by Becky Chambers (2021)
The residents of a space hotel have to make friends after an external crisis means they’re stuck inside (sound familiar?). It’s a variety of non-human, alien species, and they use the time together to learn more about each other.
This is the sort of character work where Becky Chambers really shines – I love how truly alien they feel – not just humans in face paint, they have different social structures, cultural habits, physical biology. There are almost no humans in the book, and they’re treated as a bit of a curiosity – it made me reflect on what I think of as “normal”. (I particularly enjoyed an extended discussion of the weirdness of cheese.)
It’s the final entry in the Wayfarers series of space operas, which I adore.
by Alice Oseman (2018)
This is a tale of self-discovery and acceptance. Georgia is going to university looking for “one true love”, but realises she’s actually ace-aro – after learning that ace-aro is a thing (asexual, aromantic) – and she has to navigate these new feelings without hurting her two best friends or her roommate.
I’m somewhere in the ace-aro probability cloud and this book resonated strongly with me (almost painfully so); I made a lot of the same mistakes as Georgia. I only wish I’d been able to read something like this when I was at that age.
by Colson Whitehead (2018)
This is an alt history novel about the American slave trade which reimagines the so-called “underground railroad” of secret routes and safe houses as a literal railroad. It follows Cora, a woman who escapes a cotton plantation in Georgia, and it’s unflinching and upfront about the horrors of slavery.
It doesn’t belittle or dismiss the atrocities afflicted on Cora and other Black people, but nor does it treat them as something to gawp at. It’s a careful balance that helps them feel real and heavy, not cartoonish or fictional.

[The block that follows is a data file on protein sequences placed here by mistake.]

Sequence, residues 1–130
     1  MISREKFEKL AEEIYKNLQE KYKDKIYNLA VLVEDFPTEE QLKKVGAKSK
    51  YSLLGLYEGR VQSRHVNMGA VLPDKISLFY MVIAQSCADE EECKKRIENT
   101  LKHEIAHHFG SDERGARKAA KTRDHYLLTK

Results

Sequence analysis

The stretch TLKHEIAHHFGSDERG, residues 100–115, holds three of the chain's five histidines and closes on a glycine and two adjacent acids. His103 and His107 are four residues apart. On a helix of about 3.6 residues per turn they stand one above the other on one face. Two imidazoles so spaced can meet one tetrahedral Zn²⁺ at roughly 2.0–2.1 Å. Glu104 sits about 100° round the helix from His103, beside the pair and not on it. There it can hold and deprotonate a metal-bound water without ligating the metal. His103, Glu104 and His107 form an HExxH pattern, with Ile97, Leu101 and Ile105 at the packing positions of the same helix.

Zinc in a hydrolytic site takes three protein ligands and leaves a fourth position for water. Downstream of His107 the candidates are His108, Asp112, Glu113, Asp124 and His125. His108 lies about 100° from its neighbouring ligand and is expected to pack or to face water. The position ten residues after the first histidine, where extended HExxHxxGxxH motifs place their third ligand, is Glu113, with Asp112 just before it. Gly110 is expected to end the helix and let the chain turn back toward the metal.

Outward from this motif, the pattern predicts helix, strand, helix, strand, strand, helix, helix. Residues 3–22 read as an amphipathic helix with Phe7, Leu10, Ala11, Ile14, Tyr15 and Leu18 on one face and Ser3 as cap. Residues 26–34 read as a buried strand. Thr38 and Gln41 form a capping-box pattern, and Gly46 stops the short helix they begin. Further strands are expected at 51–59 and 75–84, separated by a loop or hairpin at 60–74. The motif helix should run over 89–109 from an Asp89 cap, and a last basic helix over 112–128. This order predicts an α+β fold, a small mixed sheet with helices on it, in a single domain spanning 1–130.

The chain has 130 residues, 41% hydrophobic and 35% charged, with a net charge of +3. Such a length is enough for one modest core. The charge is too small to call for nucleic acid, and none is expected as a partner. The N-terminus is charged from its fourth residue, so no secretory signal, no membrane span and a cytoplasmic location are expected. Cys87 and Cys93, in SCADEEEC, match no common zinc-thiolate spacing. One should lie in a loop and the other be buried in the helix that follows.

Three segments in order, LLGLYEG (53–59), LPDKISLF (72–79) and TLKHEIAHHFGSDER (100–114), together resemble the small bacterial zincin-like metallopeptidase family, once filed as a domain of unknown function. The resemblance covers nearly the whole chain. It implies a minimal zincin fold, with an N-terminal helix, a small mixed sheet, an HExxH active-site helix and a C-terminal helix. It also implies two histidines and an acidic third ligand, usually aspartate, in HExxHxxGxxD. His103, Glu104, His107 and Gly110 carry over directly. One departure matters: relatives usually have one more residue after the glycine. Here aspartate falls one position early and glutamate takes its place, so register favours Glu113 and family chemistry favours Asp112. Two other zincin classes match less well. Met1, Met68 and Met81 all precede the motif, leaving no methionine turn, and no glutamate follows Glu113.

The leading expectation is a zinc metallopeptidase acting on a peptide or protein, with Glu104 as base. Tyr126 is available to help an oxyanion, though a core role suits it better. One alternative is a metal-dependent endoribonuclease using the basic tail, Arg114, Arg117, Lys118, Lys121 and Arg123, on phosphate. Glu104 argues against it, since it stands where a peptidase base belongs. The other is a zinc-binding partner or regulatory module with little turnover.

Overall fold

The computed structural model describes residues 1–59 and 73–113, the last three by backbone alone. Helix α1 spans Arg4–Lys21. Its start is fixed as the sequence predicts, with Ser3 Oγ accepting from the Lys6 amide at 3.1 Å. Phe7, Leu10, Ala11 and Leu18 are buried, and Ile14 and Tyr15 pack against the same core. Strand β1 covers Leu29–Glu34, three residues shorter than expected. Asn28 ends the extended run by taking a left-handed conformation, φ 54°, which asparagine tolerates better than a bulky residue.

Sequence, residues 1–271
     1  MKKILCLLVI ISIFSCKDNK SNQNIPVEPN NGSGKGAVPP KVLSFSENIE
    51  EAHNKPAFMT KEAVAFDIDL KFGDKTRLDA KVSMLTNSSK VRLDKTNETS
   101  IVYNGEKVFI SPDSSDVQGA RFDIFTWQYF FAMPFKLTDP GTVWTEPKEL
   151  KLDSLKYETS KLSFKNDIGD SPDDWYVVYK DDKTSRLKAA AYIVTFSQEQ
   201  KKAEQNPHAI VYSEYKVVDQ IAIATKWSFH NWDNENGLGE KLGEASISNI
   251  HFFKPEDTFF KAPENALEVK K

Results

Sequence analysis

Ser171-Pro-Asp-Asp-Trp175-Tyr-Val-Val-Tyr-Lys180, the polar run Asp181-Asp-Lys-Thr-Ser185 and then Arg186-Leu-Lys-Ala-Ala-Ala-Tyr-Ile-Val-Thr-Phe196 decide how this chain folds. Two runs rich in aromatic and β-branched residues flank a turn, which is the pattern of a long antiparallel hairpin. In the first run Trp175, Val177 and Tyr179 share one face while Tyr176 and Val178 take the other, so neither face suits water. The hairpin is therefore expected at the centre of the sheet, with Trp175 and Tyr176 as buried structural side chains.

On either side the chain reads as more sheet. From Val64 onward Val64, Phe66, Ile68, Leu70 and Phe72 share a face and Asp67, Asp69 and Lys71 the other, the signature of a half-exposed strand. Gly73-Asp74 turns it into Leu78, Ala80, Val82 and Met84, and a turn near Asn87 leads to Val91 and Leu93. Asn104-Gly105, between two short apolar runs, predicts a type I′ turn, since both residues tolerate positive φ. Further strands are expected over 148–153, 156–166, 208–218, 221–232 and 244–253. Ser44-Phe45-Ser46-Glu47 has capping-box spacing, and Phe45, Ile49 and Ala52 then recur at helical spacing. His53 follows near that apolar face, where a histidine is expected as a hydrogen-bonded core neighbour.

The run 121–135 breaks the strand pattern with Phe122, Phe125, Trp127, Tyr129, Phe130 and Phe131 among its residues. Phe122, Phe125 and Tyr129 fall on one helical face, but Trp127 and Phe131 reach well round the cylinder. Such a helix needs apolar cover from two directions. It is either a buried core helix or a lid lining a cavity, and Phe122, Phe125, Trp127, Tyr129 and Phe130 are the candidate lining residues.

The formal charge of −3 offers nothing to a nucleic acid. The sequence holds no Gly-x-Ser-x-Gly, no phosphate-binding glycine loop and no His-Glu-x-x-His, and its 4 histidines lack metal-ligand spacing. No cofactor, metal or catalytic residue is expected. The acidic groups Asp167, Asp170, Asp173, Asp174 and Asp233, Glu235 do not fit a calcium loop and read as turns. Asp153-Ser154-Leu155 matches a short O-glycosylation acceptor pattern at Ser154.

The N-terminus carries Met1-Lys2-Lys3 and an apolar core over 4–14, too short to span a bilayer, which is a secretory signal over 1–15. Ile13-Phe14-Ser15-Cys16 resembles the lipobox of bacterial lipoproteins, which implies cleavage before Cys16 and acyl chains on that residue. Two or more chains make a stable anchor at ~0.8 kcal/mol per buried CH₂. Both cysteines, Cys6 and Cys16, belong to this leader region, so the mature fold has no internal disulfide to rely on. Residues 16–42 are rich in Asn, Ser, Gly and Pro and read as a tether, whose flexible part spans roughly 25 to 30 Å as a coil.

It’s not the most pleasant book, but I’m glad I read it.
by Garrett M. Graff (2019)
I don’t have strong memories of 9/11 because I was quite young when it happened, and this book helped me understand why it left such an impact.
It’s a collection of quotes from different people, carefully combined into a single timeline to tell a striking story. The audiobook has a cast of actors interspersed with real audio, and I think it worked better than if I’d read it on the printed page.
by Clyde W. Ford (2019)
A memoir from the son of the first Black systems engineer at IBM. It’s a powerful account of the intersection of race relations and the tech industry, and the struggles of being a Black man at a predominantly white company.
The author also worked at IBM, and he contrasts his experience with his father’s – what was different, and what was unchanged.
by Alexandria Bellefleur (2020)
A queer rom-com with Elle (a self-confident astrologist looking for love) and Darcy (a guarded actuary who’s sworn off dating). After a disastrous blind date, they start fake dating, but realise neither of them have fake feelings.
I fell in love with all the characters and I adored this book. It’s part of a trilogy, so the subsequent books are on my reading list for 2022.
edited by Thomas S. Mullaney, Benjamin Peters, Mar Hicks, and Kavita Philip (2021)
A series of essays about technology and computing, countering the myth of a technological utopia, and explaining the inequality and marginalisation caused by the current tech industry. It’s a strong collection which doesn’t pull its punches, and which I’d recommend to anyone working in tech.